Flame Test (cations) +'ve ions
Solid Test: Take a nichrome wire and dip it in hydrochloric acid. Place the wire in a roaring flame to clean the wire. Dip this in a powdered form of the metal ion and place that in the roaring flame. Observe the colour change.
Liquid Test: Take a wooden splint and soak it in a solution form of the metal ion. Place this in a roaring flame. Observe the colour change.
Copper (II)- Green
Why do the ions give off different colours?
When heated the electrons move up an electron shell, on returning to their own level they give of energy, in this case light energy.
Presipitate Tests (cations) +'ve ions
Take a test tube and fill it with 1 cm depth of a named solution, add an equal amount of alkali (NaOH) and leave to sit in a test tube rack. Record the results.
Copper (II)- Blue Precipitate
Iron(II)- Green Precipitate
Iron(III)- Brown Precipitate
Aluminium- White Precipitate (dissolves when excess hydrochloric acid is added)
Magnesium- White Precipitate
Calcium- White Precipitate
Barium- White Precipitate
Presipitate= insoluble solid
Al, Cl, Mg all produce white precipitates. + excess NaOH
Al will redissolve, Ca and Mg will have no change, do flame test to tell them apart.
Carbonate Test (anions) -'ve ions
Add 1cm depth of the solution to test tube
Add 1cm deoth of hydrochloric acid.
If it effervesces take a pippet and extract some of the gas.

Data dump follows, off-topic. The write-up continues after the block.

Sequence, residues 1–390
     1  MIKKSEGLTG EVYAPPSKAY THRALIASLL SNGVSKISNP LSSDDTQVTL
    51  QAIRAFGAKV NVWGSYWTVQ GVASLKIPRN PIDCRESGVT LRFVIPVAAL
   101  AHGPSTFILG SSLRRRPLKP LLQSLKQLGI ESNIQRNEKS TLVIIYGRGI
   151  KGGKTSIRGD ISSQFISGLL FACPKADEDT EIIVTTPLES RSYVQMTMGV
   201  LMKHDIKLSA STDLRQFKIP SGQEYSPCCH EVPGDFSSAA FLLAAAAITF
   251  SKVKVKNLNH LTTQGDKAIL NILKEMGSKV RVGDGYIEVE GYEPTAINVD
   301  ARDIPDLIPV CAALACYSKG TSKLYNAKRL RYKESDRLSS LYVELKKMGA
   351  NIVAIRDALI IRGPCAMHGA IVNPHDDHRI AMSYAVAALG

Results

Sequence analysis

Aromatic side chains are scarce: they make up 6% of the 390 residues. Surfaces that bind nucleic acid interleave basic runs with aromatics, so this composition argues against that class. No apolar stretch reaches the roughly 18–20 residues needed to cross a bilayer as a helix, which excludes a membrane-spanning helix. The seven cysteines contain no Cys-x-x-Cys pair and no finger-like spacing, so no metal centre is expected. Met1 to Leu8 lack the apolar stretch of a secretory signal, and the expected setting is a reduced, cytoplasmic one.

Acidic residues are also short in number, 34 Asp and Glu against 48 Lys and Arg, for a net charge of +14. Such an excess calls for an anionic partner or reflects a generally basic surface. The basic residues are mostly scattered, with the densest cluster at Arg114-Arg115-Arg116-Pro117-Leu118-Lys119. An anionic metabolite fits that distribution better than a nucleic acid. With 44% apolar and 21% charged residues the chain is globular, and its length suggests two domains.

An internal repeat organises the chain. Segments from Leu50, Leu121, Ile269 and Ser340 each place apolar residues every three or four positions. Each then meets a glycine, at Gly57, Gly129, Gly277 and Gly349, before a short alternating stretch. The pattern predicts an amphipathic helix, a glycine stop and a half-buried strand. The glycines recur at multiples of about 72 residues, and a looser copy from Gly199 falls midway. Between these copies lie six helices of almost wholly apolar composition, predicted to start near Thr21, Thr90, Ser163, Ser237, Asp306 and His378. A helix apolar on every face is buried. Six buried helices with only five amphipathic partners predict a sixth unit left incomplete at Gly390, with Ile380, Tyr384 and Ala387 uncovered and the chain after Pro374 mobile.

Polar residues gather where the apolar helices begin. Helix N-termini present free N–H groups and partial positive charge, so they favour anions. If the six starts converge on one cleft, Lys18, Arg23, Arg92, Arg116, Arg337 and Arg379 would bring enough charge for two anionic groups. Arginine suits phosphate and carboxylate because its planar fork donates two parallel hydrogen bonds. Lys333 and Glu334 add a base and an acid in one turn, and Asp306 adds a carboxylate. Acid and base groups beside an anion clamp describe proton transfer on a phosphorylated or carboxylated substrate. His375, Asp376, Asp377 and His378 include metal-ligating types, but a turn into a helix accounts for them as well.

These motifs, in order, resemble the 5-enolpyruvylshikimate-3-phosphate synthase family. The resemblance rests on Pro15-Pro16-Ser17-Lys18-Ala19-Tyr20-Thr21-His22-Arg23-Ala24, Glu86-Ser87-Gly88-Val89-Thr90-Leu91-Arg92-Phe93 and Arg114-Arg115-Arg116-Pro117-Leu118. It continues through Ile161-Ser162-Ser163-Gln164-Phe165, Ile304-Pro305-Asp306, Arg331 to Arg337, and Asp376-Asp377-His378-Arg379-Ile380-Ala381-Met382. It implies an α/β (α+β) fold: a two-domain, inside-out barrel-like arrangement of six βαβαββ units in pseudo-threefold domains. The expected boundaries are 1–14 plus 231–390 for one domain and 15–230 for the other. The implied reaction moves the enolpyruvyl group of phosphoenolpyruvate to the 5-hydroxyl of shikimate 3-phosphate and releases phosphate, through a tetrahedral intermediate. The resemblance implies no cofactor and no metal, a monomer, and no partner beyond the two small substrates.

Add this to limewater. If it turns cloudy then it is a carbonate ion.
Sulphate Test (anions) -'ve ions
Add 1cm depth of the solution to test tube.
Add 1cm depth of dil hydrochloric adic.
Add 1cm depth of barium chloride.
If it turns cloudy or a white precipitate is formed it is Barium sulphate.
Ba 2+ (aq)+SO4 2- (aq)→BaSO4(s)
Halide Tests (anions) -'ve ions
Add 1cm depth of the solution to a test tube.
Add 1cm depth of dil nitric acid.
Add 1cm depth of silver nitrate solution.
Halide’s will form a precipate.
Chloride- Cl- white precipitate Ag + (aq) + Cl - (aq) →AgCl(s)
Iodide- I- yellow precipitate Ag + (aq) + I - (aq) →AgI(s)
Bromide- Br- cream precipitate Ag + (aq) + Br - (aq) →AgBr(s)
A mixture: two or more elements or compounds are mixed together but not chemically combined
Filtration- insoluble solid and a liquid, eg. sand and water
Evaporation and Crystalisation- soluble solid and liquid, eg, salt and water
Distilation or Chromatography- two liquids, eg. ink and water
- The solution is heated in a round bottom flask.
- Because the ethanol, ink and the water have different boiling points they will evaportate at different times.
- Ethanol evaporates first.
- The ethanol evaporates rising up the flask in the leibig condenser.
- Cool water runs through the condenser, condensing the ethanol.
- The liquid drips into the conical flask at the end of the condenser.
- The conical flask is changed and the cycle continues
It is used for separating soluble liquids and compounds to identify the liquids.
Take some chromatography paper and put dots of food colouring at the bottom.
Place these in a beaker of water, making sure the dots aren’t in the water.
Leave and allow the water to be absorbed into the paper.
Some liquids are more soluble than others and will travel further up the paper. This is how they can be distinguished.
Using Rf values to distinguish liquids
Rentention factor. Rf values are used to identify substances and are unique to each substance in a given solvent. Is a ratio.
Rf = distance spot travels/distance solvent travels